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World Cup 2022 had a ‘positive effect’ on the Dubai real estate market

Following the mega sporting event, there has been an uptick in real estate demand in Dubai

World Cup 2022 had a ‘positive effect’ on the Dubai real estate market
[Source photo: Anvita Gupta/Fast Company Middle East]

The positive effect of mega events like World Cup 2022 is not confined to the host nation’s economy, popularity, and tourism. It raises the region’s appeal and leads to buoyant real estate demand. 

Take for instance, the unaccounted ripple effect of the greatest football tournament in Qatar in Dubai’s property market. At the start of November, a report by real-estate developer ZāZEN Properties predicted that Dubai’s volume and value of the sales for off-plan and secondary properties would hit a 12-year high. 

The World Cup 2022 had “a positive effect on the Dubai market,” says Prince Ufuoma Eshalomi, Sales Director at Powerhouse Real Estate.

“The investors were buying and leasing properties to holiday home companies.” The offside is it has harmed the end user as we are all being priced out of the market as demand is high, but supply is low. 

Before the build-up to the World Cup, investors were buying and leasing properties to holiday home companies. Now, they are purchasing studios and apartments, adds Eshalomi.

There are various reasons why Dubai provides a favorable environment and market conditions for buying property. While tourists flocked to the region during the World Cup, the real effect will be in the following months. 


Due to a significant surge in demand for leasing in Dubai, local rental prices were driven up by 50% over the three months before the event, says Alex Galtsev, founder and CEO of Realiste.

Dubai enjoys the status of a top destination for real estate buyers. Galtsev says, “Generous visa programs and affordable housing, compared to New York and London, at least, are among factors that make Dubai stand apart. But the World Cup 2022 played its role in attracting more attention to the region.” 

Realiste has developed an AI-powered tool that enables real estate investors in ten major cities in the world, including Dubai and Riyadh, to see the asset’s price history, discover the average price in the neighborhood and book it online without having to travel or deal with third parties. 

“Now many investors see buying apartments for renting them out as a wise investing strategy in Dubai. To illustrate, Realiste grew two times in terms of users who want to buy an apartment in Dubai in November.” 


“This is a developing city, and the prices are only on the up; the ROI of most investors on their properties exceeds 6%, and the world record landmarks peak the prices in the community,” says Eshalomi.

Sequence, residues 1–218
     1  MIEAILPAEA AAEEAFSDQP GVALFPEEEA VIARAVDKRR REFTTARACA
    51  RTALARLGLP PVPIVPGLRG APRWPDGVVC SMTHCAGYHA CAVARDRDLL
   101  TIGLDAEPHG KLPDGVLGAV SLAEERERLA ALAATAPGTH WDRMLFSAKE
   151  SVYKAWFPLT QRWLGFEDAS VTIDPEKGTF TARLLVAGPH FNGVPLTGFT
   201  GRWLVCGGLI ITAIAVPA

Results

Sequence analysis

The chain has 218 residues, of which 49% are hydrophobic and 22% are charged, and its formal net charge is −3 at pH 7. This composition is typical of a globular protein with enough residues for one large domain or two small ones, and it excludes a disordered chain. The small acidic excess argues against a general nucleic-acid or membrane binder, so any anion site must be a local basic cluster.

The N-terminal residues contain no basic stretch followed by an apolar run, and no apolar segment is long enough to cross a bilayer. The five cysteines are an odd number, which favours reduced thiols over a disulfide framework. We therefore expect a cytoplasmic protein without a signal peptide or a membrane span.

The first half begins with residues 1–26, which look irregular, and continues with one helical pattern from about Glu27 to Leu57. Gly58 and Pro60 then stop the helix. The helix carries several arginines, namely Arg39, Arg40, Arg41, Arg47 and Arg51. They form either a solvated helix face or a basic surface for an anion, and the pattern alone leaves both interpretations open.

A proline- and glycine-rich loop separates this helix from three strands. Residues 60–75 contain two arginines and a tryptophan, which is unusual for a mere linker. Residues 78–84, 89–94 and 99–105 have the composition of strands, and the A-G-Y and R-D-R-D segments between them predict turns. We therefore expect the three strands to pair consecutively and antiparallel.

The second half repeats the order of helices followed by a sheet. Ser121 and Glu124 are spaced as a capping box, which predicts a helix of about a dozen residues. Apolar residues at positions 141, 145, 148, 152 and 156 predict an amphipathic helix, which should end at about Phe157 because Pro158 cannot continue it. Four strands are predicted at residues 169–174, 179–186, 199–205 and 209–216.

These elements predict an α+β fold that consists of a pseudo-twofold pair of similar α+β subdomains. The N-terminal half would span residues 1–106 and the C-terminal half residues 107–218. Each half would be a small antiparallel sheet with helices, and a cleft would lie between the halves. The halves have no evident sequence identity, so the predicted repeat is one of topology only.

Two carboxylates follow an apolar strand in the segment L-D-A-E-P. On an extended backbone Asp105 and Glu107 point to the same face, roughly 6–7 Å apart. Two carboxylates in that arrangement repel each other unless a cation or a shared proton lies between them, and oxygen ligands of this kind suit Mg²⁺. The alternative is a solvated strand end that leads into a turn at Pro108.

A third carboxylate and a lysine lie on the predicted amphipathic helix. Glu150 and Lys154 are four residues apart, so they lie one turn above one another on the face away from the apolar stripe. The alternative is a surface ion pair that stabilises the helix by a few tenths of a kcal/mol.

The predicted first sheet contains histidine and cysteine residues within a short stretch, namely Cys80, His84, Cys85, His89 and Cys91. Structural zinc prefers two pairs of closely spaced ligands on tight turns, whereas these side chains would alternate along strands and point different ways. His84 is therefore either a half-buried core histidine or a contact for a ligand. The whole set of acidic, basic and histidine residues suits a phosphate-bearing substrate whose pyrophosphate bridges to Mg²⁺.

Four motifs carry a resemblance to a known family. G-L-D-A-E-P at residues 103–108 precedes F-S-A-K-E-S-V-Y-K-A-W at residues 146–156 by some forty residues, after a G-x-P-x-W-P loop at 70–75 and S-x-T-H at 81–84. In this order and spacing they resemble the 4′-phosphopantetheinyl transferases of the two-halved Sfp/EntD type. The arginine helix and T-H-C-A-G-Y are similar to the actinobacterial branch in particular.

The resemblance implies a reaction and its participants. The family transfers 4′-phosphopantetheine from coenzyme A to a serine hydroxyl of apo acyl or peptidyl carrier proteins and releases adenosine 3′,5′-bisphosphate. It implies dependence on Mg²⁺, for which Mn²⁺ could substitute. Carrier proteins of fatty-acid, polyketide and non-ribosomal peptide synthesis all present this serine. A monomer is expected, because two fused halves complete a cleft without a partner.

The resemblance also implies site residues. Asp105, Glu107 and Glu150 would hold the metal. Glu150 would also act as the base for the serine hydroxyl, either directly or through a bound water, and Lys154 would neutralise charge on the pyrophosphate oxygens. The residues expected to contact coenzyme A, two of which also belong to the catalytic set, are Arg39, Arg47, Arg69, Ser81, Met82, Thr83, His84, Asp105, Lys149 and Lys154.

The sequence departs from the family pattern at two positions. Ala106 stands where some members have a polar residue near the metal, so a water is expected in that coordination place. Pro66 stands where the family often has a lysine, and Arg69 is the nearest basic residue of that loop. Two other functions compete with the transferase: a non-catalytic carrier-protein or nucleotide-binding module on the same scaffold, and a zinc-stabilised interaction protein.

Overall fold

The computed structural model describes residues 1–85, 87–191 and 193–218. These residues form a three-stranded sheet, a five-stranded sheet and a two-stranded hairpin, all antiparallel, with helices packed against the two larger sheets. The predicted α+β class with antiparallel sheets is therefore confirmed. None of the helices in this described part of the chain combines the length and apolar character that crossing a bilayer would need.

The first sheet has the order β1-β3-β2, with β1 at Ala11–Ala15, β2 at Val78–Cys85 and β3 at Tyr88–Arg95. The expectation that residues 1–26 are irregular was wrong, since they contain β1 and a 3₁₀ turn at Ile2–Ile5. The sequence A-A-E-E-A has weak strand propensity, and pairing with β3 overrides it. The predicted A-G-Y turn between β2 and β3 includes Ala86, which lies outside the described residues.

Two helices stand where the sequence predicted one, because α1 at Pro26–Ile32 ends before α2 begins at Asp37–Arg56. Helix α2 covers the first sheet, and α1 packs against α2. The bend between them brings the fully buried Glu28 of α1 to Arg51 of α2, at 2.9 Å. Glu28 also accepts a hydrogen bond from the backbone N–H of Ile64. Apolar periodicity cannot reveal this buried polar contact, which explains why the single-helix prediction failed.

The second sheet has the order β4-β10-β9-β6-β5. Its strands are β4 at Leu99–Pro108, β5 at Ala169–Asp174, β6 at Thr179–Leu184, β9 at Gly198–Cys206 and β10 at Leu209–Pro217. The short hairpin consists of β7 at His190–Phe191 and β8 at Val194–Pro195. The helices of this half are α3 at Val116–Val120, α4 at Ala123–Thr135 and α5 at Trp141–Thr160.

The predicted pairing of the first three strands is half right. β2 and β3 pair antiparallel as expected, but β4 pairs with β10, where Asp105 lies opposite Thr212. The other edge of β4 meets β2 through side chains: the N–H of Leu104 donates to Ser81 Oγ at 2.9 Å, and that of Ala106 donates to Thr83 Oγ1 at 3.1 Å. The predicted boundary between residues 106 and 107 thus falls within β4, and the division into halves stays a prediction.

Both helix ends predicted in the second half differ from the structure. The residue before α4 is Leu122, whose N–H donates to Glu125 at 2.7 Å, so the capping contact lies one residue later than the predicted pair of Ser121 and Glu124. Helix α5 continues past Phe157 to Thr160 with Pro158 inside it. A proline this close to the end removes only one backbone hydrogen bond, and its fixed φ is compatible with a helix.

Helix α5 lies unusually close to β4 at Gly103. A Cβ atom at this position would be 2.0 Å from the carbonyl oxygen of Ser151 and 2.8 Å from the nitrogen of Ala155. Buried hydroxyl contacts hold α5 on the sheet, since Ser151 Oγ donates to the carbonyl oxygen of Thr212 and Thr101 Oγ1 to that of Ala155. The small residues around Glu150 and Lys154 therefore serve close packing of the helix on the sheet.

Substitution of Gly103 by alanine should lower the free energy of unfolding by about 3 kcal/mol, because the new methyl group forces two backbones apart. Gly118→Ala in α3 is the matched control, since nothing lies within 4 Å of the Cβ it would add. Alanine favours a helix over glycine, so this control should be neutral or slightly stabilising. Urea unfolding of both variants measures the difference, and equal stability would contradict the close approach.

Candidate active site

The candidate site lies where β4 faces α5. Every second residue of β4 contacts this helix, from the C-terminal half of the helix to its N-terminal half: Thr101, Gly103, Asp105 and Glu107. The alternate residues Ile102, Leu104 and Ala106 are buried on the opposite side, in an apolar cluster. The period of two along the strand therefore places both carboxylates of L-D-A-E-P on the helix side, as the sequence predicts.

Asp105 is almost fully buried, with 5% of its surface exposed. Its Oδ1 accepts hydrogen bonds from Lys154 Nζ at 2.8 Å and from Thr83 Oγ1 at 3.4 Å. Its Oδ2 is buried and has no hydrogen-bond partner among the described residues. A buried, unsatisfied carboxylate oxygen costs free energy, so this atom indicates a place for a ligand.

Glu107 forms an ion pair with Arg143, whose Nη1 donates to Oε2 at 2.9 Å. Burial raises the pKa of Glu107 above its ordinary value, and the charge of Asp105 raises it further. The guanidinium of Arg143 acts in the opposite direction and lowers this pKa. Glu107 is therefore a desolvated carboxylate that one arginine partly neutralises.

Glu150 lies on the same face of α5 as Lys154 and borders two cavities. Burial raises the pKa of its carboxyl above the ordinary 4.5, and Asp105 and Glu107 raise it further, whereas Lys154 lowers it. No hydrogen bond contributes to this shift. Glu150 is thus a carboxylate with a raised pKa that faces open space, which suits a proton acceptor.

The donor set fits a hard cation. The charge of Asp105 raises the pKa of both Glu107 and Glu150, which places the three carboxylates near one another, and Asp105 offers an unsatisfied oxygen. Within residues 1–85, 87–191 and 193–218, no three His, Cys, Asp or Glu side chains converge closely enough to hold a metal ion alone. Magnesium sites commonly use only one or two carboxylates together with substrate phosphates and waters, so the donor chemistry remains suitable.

All eyes are currently on the Middle East, especially Dubai, he says.  “If it stays tax-free, safe, keep up the high quality of life and continued development, then there’s no other city that can beat it.” 

According to Galtsev, three major categories of people currently buy property in Dubai. The first category is people who want to settle by buying an apartment in Dubai. “The inflow of Russian investors, entrepreneurs, and professionals is a significant part of this category.”

The next category is people who want to keep their assets safe. Galtsev says, “The UAE is an ideal place for capital storage as it happens to be one the most stable regions in the world. It is not affected by the current geopolitical situation and energy crisis.”

The third category is people who invest in real estate to earn money. These investors see Dubai as a fast-growing market where they can profit by buying an apartment and selling it in the next several years or even months, depending on the market situation, Galtsev explains.

Citing an example of the Jumeirah Village Triangle, Galtsev says an average apartment in this district would cost you $199,156, according to analytics. But prices will rise by 62% in the next three years. However, only some areas of Dubai will give investors much profit. For instance, Dubai Marina prices will rise by 19% in the next three years. And even in the profitable areas, some projects will bring investors no money. “It is a challenge to find hidden gems here,” he adds. 

“People tend to choose Dubai as it was one of the first Emirates to allow foreigners to buy property. Since then, the international business community has grown significantly. So it seems easier to find a job or run a company from here than from other Emirates,” he says. 

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